The impact of anemia on the LVH and CHF development in patients with CKD and anemia in the absence of its timely correction.

In addition, changing levels of recently identified new cardiovascular CKD markers such as sKlotho and FGF-23 progressively contribute to the cardiac remodeling in CKD especially in anemia persisting due to CKD progression. Increased FGF-23 and insufficient supply of oxygen to cardiomyocytes lead to cell apoptosis, myocardial fibrosis, and CHF [1719].

5. Klotho and anemia in chronic kidney disease

It was found that circulating form of Klotho (sKlotho) protein has pleiotropic effects as a humoral factor that protects CV system [13, 30]. Adequate sKlotho expression provides both renal and CV protection. According to our date [31], patients from third stage of CKD have shown a direct linear relation between GFR fall and decreasing in sKlotho level. As it was detected firstly by M. Kuro-o, Klotho is synthesized in kidney tubules. This marker is very sensitive to anemia, oxidative stress, intrarenal increasing of angiotensin II, and inflammation that all take part in reduction of Klotho expression in kidneys [30, 32, 33].

Decrease in serum Klotho may be also a result of inhibition of its extrarenal production. In this regard, it is interesting to know findings of Takeshita et al. [34] that indicate the presence of Klotho gene expression in sinoatrial node and high frequency of sudden cardiac death of mice due to cardiac arrhythmias caused by sinoatrial node’s dysfunction with blocked Klotho gene. It has been also recently found the strong correlation of the sKlotho low level with advancing of vascular calcification and CHF in CKD [35, 36]. In addition, it was shown in mice that loss of Klotho results in reduced MCV and MCH in circulating red blood cells (RBC) as well as the expression of HIF-1α and HIF-2α was significantly attenuated in Klotho−/− mice, resulting in suppression of EPO [37]. At the same time, recent studies have shown that administration of recombinant EPO can induce Klotho expression in the rat nephropathy model [37] and in the preliminary clinic studies [32]. Hb levels ≥ 110 g/l were associated with higher serum sKlotho levels in anemia management by epoetin and iron, in patients with anemia at CKD 3B-4 stages (p < 0.001) [32]. Moreover, transmembrane Klotho is a co-receptor for FGF-23. FGF-23 is considered now as a new uremic toxin in CKD advancing because of its pathogenic action predominantly on the heart in CKD. In a normal state, FGF-23 produced by osteocytes regulates phosphorus, vitamin D, and PTH metabolism. However, as was later shown, an elevated FGF-23 is associated with a high risk of death from cardiovascular events (CVE) [18]. It is believed, the effects of FGF-23 to the heart may be caused by its nonselective binding to FGF-4-receptors in the myocardium due to the significant increasing of serum FGF-23 along with progressive Klotho deficiency (as co-receptor for FGF-23) during CKD progression, especially if anemia persists [18, 19]. The data, obtained in our clinical center, indicate association between FGF-23 and Troponin-I, which may be a result of FGF-23 cardiotoxic effect on the myocardium, leading to the appearance of the detectable serum Troponin-I levels [19].

So, taking into account that hypoxia is an independent factor in reducing sKlotho synthesis in CKD and an urgent need of Klotho for CV protection, CKD patients with anemia who are managed to achieve the target Hb and to keep it within the reference range by EPO and iron therapy would have been expected to save sKlotho production and accompanied significantly lower CV risk [13, 32, 36].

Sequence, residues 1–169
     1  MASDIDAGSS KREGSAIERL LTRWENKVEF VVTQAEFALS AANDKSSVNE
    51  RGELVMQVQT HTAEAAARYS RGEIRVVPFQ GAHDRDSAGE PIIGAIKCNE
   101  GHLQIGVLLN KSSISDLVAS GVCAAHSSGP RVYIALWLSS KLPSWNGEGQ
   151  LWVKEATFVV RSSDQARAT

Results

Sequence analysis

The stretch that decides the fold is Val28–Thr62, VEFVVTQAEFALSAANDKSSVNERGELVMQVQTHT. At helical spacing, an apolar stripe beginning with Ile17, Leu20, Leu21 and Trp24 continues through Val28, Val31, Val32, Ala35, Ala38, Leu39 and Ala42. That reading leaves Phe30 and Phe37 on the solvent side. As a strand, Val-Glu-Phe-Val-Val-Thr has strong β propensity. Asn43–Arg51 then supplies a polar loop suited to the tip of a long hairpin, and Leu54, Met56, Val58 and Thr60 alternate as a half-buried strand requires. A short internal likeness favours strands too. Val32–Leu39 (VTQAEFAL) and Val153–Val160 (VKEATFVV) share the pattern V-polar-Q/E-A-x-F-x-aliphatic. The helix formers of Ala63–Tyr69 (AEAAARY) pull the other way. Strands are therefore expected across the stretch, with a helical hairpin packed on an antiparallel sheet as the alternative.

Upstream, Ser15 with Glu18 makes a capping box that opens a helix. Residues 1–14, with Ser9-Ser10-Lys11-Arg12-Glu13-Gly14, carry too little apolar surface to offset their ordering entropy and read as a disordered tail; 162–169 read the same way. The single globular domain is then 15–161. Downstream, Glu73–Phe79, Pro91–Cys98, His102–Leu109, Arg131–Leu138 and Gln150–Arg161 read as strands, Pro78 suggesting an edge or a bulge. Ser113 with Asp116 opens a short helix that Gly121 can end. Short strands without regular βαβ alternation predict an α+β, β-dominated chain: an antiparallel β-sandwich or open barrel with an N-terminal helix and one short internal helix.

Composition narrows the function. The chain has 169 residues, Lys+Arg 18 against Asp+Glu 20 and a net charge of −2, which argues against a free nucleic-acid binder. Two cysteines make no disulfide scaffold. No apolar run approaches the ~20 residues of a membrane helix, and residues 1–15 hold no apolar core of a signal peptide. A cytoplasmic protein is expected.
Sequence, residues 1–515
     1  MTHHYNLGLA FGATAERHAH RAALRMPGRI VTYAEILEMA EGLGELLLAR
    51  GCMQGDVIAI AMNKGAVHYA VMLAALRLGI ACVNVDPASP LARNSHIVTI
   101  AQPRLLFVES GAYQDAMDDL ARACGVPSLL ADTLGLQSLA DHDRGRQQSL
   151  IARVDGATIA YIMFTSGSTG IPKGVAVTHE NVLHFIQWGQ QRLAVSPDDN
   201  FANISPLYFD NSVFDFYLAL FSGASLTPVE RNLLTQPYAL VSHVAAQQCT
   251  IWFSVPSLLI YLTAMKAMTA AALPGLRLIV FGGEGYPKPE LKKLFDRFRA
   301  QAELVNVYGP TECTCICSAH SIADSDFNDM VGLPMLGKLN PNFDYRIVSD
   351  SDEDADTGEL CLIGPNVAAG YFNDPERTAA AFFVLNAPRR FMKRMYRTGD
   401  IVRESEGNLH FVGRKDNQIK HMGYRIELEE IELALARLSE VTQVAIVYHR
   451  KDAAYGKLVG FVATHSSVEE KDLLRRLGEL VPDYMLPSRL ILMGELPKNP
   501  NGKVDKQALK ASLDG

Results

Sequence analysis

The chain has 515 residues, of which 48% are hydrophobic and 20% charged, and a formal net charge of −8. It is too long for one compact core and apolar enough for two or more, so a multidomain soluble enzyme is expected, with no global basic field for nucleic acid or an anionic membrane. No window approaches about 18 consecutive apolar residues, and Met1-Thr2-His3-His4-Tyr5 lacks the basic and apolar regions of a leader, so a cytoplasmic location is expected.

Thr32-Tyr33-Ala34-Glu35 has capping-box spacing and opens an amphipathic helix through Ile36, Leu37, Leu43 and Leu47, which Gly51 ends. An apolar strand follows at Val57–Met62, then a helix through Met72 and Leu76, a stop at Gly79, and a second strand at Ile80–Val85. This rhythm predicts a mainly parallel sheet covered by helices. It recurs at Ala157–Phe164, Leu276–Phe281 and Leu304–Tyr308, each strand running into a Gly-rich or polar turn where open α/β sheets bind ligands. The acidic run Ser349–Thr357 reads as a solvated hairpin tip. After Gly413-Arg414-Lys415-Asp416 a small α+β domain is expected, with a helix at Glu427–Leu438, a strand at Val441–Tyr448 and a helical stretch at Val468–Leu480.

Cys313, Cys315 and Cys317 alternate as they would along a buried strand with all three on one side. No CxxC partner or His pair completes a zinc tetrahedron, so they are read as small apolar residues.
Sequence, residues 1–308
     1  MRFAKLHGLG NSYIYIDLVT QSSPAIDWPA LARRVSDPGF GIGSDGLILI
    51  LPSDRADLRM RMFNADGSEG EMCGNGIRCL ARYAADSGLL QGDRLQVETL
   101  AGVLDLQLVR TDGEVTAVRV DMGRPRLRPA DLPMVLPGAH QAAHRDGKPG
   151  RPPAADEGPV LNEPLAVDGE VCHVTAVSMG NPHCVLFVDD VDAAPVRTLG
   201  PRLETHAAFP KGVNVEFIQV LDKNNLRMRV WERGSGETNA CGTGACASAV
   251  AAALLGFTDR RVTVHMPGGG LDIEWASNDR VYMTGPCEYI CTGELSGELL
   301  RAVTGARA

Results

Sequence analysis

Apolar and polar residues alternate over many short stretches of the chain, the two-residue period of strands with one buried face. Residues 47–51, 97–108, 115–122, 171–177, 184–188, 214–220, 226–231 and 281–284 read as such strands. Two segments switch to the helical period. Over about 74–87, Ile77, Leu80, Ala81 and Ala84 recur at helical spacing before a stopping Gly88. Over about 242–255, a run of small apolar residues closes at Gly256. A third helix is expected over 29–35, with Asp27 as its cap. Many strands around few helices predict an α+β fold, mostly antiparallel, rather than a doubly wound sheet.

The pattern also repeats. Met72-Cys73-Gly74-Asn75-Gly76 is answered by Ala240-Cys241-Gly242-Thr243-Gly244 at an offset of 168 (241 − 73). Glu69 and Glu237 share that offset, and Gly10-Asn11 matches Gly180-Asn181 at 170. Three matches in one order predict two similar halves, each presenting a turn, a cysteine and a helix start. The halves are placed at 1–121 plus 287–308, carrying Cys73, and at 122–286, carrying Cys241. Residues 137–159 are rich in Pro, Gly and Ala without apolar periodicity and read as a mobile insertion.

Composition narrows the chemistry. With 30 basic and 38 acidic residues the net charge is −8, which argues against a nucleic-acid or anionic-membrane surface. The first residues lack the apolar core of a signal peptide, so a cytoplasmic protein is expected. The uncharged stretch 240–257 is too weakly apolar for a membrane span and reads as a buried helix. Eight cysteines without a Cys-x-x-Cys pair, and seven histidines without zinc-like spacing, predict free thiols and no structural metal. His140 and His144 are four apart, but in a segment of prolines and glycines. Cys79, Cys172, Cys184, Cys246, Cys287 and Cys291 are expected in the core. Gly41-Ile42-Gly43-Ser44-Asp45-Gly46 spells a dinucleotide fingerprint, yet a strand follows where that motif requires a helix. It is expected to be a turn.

6. The main practical approaches to the treatment of anemia

6.1. Treatment of anemia at predialysis stages of chronic kidney disease

According to the International Guidelines of Kidney Disease Improving Global Outcomes (KDIGO, 2012), treatment of renal anemia with EPO should be begin if Hb level is decreased under 100 g/l in adults and children 12–14 years old [1].

In patients with comorbid diseases (CV diseases, DM, advanced atherosclerosis, malignant tumors) as well as in case of notes on stroke, malignancies in past medical history, the decision about EPO treatment should be made individually and started if Hb level <100 g/l, firstly by iron medication (intravenous or per os) [1, 20, 38]. Preliminary correction of iron deficiency is obligatory requirement for the EPO therapy [1, 9, 20]. The velocity of Hb level decrement, the need for transfusions, response to the previous iron treatment, the severity of anemia symptoms, as well as the patient's lifestyle (active professional life, intensive school classes in children) should be taken into account at determining time for starting EPO therapy [20].

The upper limit of Hb reference range is determined as 115 g/l for most of the patients. Hb target level should be reached during 4 months [1, 20].

At predialysis CKD stages, short-acting EPO (epoetin-alfa or beta) is administered to patients subcutaneously at a dose of 50–100 IU/kg per week, it is about 6 thousand IU/week subcutaneously [1, 20, 39, 40] (Figure 2). Subcutaneous administration way of short-acting EPO is considered as a choice because it allows using lower doses and reducing the treatment cost [21]. The studies of pharmacokinetic of EPO show that subcutaneous administration prolongs half-life period of elimination of short-acting EPO (epoetin alfa and epoetin beta) [40].

Figure 2.

Algorithm for the treatment of anemia with epoetin α or β by subcutaneous administration of the drug at predialysis stages of CKD.

At starting therapy, the rate of Hb increasing should be maintained at 10–20 g/l a month. Changes of hemoglobin level less than 10 g/L or more than 20 g/L require to gradual EPO dose correction by 25% weekly up (but not more than 720 IU/kg/week) or downward (Figure 2).

The rate of Hb increase >20 g/l per month is undesirable because of increase in risk of thrombosis. In this case, it is necessary to titrate down a total weekly EPO dose by 25–50%. Monitoring Hb level at starting treatment period should be performed every 2 weeks, then once a month. Hb’s concentration change less than 10 g/L requires to gradual EPO dose correction by 25% upward [1, 9, 20, 39].